Let’s face it. In twenty years, we may not be watching the same brand of football. Think twenty years ago. Is it the same sport now than it was in 1993? No way. Defensive ends can’t mangle quarterbacks the way they used to, horse-collar tackles are no longer allowed, face mask penalties are different, “launching” penalties, and so on. It was, in a very major way, a more violent league despite the players being much smaller and slower than they are now.
Malcolm Gladwell, author and outspoken champion of football reform, has said that in 30 years no one will be playing football anymore. I don’t know if he’s softened that stance, but his recent remarks suggest that he’s changed them a bit. He claimed the sport was going to be “ghettoized,” and “essentially dare people to play.”
His thesis came under a bit of fire by people who take exception to the world “ghettoize,” but his insight is poignant. If the risks of head injuries are known, football is going to be left to the people for whom risks are acceptable. Much like, Gladwell asserts, the Army currently does.
Sean Pamphilon, director of the film United States of Football, from where these Gladwell remarks were published, hypothesizes that, “Suburban white kids or their parents are going to opt out. More affluent people are going to decide they don’t want to put their kids in that position.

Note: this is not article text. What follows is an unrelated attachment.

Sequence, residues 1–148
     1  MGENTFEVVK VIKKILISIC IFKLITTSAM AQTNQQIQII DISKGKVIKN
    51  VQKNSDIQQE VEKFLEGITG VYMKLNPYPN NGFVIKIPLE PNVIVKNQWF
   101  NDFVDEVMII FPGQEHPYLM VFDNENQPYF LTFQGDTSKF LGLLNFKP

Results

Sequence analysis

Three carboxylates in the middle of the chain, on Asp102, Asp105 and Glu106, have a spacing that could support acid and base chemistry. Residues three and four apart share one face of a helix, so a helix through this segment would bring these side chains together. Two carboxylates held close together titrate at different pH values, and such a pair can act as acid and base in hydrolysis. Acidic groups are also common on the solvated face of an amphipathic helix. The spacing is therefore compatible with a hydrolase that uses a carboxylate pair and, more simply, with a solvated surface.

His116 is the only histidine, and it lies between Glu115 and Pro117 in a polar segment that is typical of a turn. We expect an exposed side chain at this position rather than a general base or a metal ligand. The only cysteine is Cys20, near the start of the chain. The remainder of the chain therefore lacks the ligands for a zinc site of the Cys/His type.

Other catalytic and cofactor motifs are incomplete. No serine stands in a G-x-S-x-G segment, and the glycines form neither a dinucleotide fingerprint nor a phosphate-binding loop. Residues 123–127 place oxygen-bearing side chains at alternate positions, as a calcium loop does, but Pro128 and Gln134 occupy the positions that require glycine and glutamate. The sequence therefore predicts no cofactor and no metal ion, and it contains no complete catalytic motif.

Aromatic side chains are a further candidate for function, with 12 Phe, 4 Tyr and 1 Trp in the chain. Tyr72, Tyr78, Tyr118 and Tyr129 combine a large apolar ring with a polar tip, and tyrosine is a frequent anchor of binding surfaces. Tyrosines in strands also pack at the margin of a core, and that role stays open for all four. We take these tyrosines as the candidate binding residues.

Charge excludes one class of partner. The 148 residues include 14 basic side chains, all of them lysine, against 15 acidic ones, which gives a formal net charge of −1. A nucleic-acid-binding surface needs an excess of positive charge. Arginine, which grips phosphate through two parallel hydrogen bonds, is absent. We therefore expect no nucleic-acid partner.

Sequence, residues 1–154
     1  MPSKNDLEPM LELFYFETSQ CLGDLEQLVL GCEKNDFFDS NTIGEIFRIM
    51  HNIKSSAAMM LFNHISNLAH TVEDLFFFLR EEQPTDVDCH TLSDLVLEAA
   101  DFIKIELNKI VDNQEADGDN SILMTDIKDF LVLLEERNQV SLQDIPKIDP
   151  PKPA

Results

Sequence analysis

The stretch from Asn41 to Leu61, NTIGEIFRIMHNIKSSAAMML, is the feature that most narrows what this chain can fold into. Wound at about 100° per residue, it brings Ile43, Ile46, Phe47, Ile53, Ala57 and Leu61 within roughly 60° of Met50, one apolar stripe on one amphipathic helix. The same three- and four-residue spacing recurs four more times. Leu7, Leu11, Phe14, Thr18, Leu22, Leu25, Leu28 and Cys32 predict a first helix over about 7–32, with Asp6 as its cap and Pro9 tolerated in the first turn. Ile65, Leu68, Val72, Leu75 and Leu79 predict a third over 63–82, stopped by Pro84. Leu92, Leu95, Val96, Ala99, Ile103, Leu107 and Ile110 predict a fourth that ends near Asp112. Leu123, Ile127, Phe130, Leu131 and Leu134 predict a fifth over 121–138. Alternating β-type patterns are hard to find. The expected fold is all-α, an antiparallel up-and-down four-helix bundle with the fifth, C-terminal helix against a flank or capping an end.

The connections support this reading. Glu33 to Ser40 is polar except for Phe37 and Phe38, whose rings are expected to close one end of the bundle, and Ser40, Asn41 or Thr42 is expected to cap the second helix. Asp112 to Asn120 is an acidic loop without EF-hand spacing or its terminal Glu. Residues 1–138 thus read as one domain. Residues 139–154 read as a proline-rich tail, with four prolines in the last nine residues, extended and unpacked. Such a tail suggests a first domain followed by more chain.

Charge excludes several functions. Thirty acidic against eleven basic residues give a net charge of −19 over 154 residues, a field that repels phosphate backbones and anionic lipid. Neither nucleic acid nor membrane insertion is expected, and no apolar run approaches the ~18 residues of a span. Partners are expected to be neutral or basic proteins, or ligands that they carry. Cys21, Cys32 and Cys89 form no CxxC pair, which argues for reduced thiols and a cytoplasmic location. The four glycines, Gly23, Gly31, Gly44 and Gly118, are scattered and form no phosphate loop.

“In places where football isn’t the only thing to do, fans are going to opt out first. Certain colleges are going to follow and there will be a steady decline in the participation of the game.”
It’s a reasonable prediction. And so I don’t think it’s egregious to wonder if the league feels the same way and is trying to make their business more money by adding more revenue through another postseason game. The cold, snowy (and sold out) January games would add millions more to the revenue stream through attendance, advertisements, retail sales than their counterparts in humid August preseason games attended by few, watched by fewer. It seems to me there aren’t many people who support adding a game besides the billionaires sitting behind mahogany desks, lighting cigars with $100 bills (that’s at least how I picture them).
And perhaps I’m a bit hypocritical, if not entirely so. If the postseason does expand, I will watch the extra game. I’ll bet on the extra game because, of course, we run the risk of putting a #2 seed against a 7-9 team that has no business in postseason play. I’ll enjoy the excitement of Wild Card Weekend a little bit more than I do otherwise.
I just can’t help but wonder if there is something a little deeper, darker, or more sinister behind these motives aside from just giving me and millions of other fans another reason to sit my ass on the couch on a cold January weekend, have a beer and gamble. It is, to use an overused cliche, enough to make me pause.
- NFL ‘ugrently discussing’ expanded playoff schedule (nydailynews.com)
- Sources: NFL considering expanded playoffs (espn.go.com)